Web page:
Pied Wagtail

Little Egret

Saturday, July 23, 2011

Mixed Fortunes

Will and I met up at 6am start for our Rawcliffe Moss ringing session today. We set our usual quota of nets, some that might catch warblers, and yet other nets in finch feeding spots. We didn’t get too many species but found several of this year’s targets with more Goldfinches and Whitethroats to add to those already caught this year.

In all we processed 42 birds, 31 new and 11 recaptures. New birds: 12 Goldfinch (11 juveniles, 1 adult), 10 Whitethroat (9 juveniles, 1 adult), 4 Willow Warbler (3 adults, 1 juvenile), 3 Blackcap and 2 Dunnock. Recaptures: 7 Goldfinch, 2 Sedge Warbler and 2 Whitethroat.

A quick check of our Goldfinch total for June/July reveals 59 individuals, 53 juvenile birds of the year and 6 adults; this is a healthy proportion of youngsters which points to the continuing success of this species and a good breeding season, as yet only part way through. In comparison, the 43 Whitethroats caught in June/July comprise 9 adults and 34 juveniles, healthy enough proportions after a slow start.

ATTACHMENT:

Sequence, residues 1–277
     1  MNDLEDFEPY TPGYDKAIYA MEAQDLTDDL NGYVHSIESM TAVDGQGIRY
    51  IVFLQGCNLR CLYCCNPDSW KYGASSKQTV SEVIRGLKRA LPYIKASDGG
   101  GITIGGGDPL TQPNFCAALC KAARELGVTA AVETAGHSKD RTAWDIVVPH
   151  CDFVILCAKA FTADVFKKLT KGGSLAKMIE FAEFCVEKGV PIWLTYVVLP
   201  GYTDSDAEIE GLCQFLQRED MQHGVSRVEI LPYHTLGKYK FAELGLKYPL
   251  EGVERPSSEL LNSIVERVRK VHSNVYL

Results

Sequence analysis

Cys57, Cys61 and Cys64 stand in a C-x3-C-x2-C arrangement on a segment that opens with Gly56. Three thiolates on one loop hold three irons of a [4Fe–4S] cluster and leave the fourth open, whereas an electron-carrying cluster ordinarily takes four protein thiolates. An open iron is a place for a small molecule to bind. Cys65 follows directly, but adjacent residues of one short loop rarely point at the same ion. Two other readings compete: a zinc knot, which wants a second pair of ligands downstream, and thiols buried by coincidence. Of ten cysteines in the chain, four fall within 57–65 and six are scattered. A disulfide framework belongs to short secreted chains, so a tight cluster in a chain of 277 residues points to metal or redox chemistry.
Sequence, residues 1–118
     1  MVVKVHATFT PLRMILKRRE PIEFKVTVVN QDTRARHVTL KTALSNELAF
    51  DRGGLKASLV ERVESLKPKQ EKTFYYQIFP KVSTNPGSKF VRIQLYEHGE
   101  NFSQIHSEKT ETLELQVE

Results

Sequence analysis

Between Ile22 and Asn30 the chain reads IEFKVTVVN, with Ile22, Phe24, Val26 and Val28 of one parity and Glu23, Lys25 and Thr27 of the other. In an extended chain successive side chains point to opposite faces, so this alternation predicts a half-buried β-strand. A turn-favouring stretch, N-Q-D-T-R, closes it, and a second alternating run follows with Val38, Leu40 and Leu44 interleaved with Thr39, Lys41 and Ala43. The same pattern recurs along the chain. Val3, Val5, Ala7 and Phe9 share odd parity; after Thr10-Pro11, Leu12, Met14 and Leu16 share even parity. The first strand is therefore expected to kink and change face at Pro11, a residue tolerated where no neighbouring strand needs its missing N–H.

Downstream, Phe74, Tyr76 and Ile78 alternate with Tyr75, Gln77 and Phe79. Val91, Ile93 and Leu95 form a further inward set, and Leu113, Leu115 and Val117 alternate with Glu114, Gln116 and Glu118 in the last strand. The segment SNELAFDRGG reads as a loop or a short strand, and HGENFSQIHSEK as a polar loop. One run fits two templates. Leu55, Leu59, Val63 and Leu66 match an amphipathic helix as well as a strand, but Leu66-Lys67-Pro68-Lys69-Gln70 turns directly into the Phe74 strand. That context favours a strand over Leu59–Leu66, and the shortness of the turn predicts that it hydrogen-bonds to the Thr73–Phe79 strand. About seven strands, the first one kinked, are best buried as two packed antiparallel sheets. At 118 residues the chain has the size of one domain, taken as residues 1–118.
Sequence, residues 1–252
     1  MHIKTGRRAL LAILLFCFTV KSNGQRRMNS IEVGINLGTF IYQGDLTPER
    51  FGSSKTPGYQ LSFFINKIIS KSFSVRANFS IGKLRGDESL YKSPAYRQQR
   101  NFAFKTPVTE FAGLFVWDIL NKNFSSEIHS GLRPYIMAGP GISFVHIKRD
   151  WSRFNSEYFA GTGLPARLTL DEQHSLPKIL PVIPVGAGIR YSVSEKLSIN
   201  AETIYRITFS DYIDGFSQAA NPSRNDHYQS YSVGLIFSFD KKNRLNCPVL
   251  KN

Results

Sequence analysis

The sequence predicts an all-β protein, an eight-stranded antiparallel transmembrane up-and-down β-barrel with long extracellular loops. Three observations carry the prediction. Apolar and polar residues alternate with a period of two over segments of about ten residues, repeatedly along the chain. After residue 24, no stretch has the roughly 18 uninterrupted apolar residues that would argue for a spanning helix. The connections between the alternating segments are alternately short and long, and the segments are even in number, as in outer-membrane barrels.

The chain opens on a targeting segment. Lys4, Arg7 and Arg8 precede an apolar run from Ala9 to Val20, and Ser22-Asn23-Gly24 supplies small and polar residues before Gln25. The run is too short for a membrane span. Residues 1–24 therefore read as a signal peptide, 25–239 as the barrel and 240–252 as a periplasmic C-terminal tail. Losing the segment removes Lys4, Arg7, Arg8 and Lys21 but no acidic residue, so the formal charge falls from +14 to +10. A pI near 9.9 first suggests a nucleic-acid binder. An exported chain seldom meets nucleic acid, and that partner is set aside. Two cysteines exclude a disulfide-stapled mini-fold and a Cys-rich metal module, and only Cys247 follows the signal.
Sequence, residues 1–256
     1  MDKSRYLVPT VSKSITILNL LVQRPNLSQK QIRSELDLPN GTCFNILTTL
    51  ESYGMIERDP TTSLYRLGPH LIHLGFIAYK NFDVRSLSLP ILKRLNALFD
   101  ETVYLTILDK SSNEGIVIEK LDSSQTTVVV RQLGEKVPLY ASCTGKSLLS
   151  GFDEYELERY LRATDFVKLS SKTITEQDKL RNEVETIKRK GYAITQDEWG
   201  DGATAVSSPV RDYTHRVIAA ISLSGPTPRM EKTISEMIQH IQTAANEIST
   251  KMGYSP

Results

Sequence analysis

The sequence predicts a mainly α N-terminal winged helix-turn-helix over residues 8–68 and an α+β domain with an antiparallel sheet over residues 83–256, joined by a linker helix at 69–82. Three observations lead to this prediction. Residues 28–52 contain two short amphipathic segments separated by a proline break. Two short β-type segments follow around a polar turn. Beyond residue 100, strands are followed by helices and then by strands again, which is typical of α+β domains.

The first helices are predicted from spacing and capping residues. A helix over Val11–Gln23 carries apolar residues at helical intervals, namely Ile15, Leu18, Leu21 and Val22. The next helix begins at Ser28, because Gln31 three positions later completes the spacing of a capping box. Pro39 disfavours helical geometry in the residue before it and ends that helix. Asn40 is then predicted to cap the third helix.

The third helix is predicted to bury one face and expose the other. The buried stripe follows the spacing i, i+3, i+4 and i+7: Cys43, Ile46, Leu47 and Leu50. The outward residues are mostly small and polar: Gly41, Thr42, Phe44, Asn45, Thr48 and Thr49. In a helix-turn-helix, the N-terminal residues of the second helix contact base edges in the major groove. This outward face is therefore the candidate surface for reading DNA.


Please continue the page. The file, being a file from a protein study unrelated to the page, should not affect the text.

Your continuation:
Goldfinch - juvenile


In absolute contrast to the latter two species, the age ratios of 23 Willow Warblers captured here in June/July are reversed with 18 adults but only 5 juveniles. This is a fairly small sample on which to base any conclusions but does seem to bear out field observations and a general impression of a poor breeding year for Willow Warblers.

Willow Warbler



We continue to catch good numbers of Goldfinch because in July we already employ niger feeders in the plantation, where the Goldfinches took a week or so to find new feeders but are now literally all over them. As seed forms on their natural foods it will be interesting to see how our feeders perform.

Goldfinch - juvenile

Goldfinch - juvenile